Joint Statement by the European Parliament, the Council and the Commission on the review of the dual-use export control system

Marietje
As part of the update to the EU dual-use regulation, adopted yesterday, the European Parliament, the Council and the Commission adopted a joint statement in which they commit to a further update, taking into account the impact on human rights that technologies can have. Please see the text of the joint statement below and find the original text here. ---

The European Parliament, the Council and the Commission recognise the importance of continuously enhancing the effectiveness and coherence of the EU’s strategic export controls regime, ensuring a high level of security and adequate transparency without impeding competitiveness and legitimate trade in dual-use items.

The three institutions consider that modernisation and further convergence of the system is needed in order to keep up with new threats and rapid technological changes, to reduce distortions, create a genuine common market for dual-use items (uniform level playing field for exporters) and continue serving as an export control model for third countries.

To this end, it is essential to streamline the process for updating the control lists (Annexes to the Regulation); strengthen risk assessment and exchange of information, develop improved industry standards, and reduce disparities in implementation.

The European Parliament, the Council and the Commission acknowledge the issues regarding the export of certain information and communication technologies (ICT) that can be used in connection with human rights violations as well as to undermine the EU’s security, particularly for technologies used for mass-surveillance, monitoring, tracking, tracing and censoring, as well as for software vulnerabilities.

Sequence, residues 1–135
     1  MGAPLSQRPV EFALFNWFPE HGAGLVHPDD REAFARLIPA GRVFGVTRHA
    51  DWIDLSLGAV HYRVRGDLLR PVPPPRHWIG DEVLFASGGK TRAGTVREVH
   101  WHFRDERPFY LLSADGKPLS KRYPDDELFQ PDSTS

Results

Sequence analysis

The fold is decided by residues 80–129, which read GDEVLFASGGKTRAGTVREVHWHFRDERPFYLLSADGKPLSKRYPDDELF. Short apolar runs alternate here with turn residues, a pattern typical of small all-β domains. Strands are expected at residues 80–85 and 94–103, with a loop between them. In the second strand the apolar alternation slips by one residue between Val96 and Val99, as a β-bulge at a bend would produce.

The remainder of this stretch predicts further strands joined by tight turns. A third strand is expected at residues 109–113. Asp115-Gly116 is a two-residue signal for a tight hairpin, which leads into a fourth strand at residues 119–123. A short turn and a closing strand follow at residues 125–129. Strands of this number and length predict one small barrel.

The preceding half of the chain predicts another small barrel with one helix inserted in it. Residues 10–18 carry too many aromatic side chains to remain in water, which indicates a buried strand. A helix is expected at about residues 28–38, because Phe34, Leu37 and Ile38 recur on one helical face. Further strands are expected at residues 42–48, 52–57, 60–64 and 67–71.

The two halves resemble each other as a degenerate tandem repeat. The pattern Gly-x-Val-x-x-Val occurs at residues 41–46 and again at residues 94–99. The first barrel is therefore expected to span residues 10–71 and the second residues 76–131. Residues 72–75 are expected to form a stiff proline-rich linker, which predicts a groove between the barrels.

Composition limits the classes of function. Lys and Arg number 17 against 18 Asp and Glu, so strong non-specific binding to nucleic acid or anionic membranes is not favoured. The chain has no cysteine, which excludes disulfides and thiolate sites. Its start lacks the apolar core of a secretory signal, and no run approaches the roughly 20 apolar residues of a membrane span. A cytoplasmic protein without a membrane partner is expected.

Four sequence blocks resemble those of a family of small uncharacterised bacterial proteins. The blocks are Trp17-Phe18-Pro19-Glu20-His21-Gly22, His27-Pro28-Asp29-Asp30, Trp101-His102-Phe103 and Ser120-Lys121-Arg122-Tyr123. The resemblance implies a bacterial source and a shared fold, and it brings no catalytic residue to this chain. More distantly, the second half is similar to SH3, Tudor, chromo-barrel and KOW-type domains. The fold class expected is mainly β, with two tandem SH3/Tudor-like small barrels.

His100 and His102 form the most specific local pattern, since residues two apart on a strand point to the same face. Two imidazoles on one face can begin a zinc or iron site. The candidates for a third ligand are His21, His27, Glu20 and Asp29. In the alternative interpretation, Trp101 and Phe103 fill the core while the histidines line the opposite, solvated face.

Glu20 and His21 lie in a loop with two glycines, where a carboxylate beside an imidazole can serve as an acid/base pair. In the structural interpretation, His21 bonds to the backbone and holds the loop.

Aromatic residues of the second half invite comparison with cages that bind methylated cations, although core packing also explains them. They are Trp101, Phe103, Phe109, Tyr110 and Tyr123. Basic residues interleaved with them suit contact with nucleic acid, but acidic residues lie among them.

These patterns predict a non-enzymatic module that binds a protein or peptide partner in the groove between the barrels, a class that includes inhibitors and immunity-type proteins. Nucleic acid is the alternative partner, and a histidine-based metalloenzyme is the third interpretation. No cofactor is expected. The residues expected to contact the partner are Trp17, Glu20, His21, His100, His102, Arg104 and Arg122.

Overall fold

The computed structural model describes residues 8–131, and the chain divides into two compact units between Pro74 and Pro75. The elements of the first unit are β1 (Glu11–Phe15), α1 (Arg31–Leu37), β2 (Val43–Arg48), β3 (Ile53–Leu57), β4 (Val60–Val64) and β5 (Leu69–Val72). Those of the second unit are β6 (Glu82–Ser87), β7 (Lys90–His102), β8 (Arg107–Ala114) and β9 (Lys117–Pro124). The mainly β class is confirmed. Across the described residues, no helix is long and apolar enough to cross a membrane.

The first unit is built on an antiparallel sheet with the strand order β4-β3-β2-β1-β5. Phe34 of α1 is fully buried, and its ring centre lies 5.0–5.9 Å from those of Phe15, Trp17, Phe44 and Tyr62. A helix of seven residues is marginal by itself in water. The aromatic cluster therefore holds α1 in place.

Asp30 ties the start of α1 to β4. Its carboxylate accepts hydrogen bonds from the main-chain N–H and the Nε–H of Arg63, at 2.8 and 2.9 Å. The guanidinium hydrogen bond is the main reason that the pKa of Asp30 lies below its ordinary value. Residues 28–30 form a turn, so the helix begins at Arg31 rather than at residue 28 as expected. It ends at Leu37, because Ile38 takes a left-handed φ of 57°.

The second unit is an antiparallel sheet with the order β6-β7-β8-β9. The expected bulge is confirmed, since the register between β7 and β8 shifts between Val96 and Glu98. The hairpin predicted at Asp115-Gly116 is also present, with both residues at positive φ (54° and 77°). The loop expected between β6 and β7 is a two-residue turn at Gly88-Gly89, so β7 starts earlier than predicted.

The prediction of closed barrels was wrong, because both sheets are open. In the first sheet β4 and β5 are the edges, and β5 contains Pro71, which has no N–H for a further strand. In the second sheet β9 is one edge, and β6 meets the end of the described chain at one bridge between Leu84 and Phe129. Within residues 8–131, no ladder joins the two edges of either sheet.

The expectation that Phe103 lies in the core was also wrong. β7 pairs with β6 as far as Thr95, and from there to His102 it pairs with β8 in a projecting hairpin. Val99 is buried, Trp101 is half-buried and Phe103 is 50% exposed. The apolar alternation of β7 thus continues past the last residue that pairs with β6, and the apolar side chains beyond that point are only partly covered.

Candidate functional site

Technical consultations have been initiated in this respect, including in the framework of EU Dual Use Peer Visit, the Dual Use Coordination Group, and the export control regimes, and actions continue to be taken to address situations of urgency through sanctions (pursuant to Article 215 TFEU), or national measures. Efforts will also be intensified to promote multilateral agreements in the context of export control regimes, and options will be explored to address this issue in the context of the on-going review of EU dual-use export control policy, and the preparation of a Commission Communication. In this context the three institutions took note of the agreement on 4 December 2013 by the Participating States of the Wassenaar Arrangement to adopt controls on complex surveillance tools that enable unauthorised access to computer systems, and on IP-network surveillance systems.

The European Parliament, the Council and the Commission also commit to further development of the existing ‘catch-all’ mechanism for dual-use items falling outside the Annex I of the Regulation, in order to further enhance the export control system and its application within the European single market.